These performances will be driven by the results recorded by the agricultural sector and by public expenditure in the West African nation, the Washington-based lender said.
The inflation rate, meanwhile, is expected to reach 1% at the end of the year and 1.4% in 2018, according to an IMF statement quoted by Reuters.
Fragile security conditions, however, pose a downside risk to the robust projections. Inflation, meanwhile, is expected to hit 1 percent by the end of December and 1.4 percent next year, the IMF said.
The IMF also reports that the Malian authorities have reaffirmed their commitment to reduce the fiscal deficit to 3% of the country’s gross domestic product by 2019.
“The 2017 Finance Act takes this objective into account, while also addressing the urgent needs in terms of expenditure related to the peace agreement and security. The 2018 Finance Act will aim to keep spending within budgetary limits, while protecting social spending and stimulating public investment in the medium term,” said Tao Zhan, IMF Deputy Managing Director.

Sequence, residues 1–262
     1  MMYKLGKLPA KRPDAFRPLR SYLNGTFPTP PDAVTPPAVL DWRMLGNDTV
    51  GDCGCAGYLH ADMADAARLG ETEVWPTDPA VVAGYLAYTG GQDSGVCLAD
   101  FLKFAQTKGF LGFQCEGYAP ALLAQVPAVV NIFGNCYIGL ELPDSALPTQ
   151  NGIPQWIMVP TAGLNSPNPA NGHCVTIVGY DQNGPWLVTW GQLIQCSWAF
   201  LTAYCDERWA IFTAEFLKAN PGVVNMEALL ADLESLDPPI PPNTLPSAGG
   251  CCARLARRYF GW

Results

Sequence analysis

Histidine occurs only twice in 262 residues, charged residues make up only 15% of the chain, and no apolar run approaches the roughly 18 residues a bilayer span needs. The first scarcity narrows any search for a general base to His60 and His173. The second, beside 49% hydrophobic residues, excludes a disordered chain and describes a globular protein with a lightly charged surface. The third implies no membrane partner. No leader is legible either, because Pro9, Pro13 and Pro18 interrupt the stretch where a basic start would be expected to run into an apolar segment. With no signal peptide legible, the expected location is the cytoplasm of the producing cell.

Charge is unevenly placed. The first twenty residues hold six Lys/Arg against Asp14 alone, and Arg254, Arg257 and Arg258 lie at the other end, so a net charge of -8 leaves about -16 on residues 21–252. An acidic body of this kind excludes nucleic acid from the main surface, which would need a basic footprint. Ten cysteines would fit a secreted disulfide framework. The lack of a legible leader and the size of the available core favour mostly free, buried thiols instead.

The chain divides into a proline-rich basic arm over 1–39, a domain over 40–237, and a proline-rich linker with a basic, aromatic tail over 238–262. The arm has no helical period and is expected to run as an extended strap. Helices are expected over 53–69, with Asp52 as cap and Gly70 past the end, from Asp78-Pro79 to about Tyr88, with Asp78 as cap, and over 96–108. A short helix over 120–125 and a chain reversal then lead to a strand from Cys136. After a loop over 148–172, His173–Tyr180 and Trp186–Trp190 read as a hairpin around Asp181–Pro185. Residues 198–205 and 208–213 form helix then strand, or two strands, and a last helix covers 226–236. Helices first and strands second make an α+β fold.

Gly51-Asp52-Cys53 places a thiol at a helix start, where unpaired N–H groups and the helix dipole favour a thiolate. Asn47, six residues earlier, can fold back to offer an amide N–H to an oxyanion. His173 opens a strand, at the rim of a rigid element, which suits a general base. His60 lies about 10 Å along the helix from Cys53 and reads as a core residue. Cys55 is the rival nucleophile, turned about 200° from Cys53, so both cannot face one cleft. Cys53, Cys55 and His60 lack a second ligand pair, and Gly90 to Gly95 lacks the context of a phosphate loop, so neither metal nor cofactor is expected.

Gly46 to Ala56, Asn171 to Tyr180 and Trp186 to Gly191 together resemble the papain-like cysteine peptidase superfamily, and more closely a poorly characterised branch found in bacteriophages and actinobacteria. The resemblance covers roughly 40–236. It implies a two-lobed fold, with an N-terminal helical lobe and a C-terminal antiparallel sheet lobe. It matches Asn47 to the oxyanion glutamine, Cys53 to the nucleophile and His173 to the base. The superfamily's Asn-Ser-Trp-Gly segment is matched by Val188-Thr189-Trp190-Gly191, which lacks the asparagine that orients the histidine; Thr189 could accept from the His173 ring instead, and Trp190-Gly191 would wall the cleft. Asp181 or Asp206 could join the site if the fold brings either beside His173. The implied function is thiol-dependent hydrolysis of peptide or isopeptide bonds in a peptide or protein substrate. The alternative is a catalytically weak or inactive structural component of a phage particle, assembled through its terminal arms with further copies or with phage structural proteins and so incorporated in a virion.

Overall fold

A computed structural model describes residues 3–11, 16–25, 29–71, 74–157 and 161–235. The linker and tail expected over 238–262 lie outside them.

As a reminder, Malian government forces are embroiled in a conflict with Tuareg separatists in the north of the country. Although a peace deal was signed, mediators have struggled to enforce it.